THE EARL OF BELMORE
rose to move—That an humble address he presented to Her Majesty that copies or extracts of all correspondence relating to the proposed changes in the government of Norfolk Island he laid before the House when completed.The noble Earl said he understood there was no objection in principle to what he 1020 asked for. When he last brought the matter forward he pointed out that, when the constitution of the island was established 40 years ago, it was determined that the island should be self-governing and administereed upon temperance principles. For four years he was Governor of the island, so he took great interest in it. From information he had received from the noble Earl the Under Secretary for the Colonies, he was convinced that some change was necessary. The administration of justice did not exist, and what, went, on was a farce. Some reform was necessary, and in carrying this out he hoped no more changes would be made than were really needful.
§ THE EARL OF SELBORNE
said it was true that the question of the future administration of Norfolk Island was now under consideration. Although very small, it was a very interesting little territory, and great care would be taken to do nothing, if possible, against the reasonable wishes of the inhabitants. It was necessary not only to look back upon the past history of the administration of the island and to read the Dispatches of past Governors—including one written by the noble Earl himself some; 25 years ago but to consider also the position of the Australasian colonies in connection with this small community. The views of these colonies were not unanimous on the subject, and a correspondence had necessarily ensued. That correspondence was not completed, but when it was he would undertake to lay all the Papers on the Table of the House. If the noble. Earl would be satisfied with that assurance, perhaps he would not press this particular Motion.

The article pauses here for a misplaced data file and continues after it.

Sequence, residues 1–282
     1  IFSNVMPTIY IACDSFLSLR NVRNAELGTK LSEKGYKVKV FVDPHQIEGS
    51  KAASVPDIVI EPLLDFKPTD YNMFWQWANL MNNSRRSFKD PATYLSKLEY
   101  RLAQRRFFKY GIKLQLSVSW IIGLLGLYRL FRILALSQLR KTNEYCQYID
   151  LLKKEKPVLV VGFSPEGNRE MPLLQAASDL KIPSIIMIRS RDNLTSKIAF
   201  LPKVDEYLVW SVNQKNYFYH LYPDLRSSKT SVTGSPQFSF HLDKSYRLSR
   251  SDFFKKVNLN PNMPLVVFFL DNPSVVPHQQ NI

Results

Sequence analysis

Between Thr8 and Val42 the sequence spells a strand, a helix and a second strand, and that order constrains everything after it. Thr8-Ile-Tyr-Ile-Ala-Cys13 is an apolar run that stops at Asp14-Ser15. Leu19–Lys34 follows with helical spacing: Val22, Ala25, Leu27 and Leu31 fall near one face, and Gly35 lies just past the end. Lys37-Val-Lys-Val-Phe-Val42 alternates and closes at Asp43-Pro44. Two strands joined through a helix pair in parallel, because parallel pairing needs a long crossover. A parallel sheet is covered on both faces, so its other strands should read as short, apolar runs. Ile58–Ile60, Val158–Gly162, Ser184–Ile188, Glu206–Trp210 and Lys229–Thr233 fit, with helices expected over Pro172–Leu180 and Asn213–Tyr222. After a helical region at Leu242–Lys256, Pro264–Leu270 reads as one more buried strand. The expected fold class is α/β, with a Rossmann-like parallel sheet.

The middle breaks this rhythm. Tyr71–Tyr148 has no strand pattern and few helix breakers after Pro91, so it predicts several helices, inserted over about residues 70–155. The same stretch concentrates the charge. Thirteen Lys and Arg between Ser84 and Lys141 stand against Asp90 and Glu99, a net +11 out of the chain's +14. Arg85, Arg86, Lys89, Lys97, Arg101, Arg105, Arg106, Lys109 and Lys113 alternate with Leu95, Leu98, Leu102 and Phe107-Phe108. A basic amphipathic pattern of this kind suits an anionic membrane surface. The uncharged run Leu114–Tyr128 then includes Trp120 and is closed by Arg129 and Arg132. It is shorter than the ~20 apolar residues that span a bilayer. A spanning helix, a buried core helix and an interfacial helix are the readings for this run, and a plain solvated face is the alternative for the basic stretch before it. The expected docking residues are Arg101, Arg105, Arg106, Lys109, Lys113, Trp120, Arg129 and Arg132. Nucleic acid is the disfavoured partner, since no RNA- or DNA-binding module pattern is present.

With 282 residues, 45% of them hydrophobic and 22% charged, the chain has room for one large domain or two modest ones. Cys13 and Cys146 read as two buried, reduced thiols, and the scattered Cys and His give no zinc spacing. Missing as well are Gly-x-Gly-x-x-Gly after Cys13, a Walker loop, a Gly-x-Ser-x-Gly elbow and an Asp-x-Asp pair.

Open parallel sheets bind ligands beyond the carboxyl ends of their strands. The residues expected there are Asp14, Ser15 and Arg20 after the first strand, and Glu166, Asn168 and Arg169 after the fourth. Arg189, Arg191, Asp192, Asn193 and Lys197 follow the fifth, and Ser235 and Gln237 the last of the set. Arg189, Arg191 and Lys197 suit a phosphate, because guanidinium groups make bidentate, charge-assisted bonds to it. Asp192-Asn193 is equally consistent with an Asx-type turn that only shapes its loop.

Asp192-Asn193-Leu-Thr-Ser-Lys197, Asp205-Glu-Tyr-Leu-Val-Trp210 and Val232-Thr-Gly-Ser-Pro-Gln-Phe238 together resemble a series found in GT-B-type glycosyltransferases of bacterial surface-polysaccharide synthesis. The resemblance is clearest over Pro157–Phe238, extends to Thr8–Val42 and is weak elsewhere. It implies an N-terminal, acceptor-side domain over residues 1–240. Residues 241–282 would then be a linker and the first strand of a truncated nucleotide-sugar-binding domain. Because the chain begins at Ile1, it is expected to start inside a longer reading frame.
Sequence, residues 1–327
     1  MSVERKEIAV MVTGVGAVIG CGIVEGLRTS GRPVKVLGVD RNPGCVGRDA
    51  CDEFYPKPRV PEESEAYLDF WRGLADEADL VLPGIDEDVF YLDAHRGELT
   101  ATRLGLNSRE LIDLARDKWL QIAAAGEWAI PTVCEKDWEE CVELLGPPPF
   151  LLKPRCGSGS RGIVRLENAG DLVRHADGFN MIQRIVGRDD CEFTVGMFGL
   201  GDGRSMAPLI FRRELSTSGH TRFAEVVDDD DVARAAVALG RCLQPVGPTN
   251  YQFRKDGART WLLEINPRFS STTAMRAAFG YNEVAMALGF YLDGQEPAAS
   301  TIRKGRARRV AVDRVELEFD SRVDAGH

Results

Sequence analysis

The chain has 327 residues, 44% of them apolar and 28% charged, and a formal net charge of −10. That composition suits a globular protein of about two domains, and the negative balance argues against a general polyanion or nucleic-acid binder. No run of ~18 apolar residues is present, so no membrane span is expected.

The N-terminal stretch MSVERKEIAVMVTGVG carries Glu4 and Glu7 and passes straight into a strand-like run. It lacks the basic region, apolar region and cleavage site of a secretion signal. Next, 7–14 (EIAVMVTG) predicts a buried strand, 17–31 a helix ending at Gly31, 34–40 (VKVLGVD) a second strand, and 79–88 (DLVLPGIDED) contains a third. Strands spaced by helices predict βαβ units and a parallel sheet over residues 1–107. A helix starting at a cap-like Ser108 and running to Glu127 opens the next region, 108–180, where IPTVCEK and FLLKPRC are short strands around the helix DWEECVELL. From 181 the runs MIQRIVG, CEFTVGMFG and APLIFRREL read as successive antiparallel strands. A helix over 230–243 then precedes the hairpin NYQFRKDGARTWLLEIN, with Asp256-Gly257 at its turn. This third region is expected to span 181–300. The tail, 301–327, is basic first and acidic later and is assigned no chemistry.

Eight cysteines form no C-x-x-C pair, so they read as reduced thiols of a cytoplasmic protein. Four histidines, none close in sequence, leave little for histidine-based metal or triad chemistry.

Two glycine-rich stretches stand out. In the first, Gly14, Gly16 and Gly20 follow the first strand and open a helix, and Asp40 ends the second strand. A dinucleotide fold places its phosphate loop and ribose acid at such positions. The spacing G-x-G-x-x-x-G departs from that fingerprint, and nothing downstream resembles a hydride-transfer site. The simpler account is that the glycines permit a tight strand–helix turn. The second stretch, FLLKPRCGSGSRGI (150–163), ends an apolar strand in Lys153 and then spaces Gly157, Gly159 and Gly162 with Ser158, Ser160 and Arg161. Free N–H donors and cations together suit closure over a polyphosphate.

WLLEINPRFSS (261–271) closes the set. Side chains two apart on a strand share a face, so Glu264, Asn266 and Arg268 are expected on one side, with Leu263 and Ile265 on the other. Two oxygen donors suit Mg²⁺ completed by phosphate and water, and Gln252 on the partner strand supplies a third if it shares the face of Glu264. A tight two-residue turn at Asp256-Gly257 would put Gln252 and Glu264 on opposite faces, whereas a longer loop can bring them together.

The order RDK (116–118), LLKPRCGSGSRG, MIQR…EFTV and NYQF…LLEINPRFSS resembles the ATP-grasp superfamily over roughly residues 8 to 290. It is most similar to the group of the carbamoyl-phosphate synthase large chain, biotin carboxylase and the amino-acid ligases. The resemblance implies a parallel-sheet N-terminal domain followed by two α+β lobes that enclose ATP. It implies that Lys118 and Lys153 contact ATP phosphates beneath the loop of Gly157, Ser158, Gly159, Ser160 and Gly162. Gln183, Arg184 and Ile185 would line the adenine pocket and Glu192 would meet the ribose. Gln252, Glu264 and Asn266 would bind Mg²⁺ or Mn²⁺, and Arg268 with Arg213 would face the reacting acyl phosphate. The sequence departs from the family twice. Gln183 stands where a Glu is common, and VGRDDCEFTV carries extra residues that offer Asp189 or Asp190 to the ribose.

THE EARL OF BELMORE
had no objection to this proposal, as it was immaterial to him in what shape the information was presented. He would withdraw his Motion.
§ Motion, by leave, withdrawn.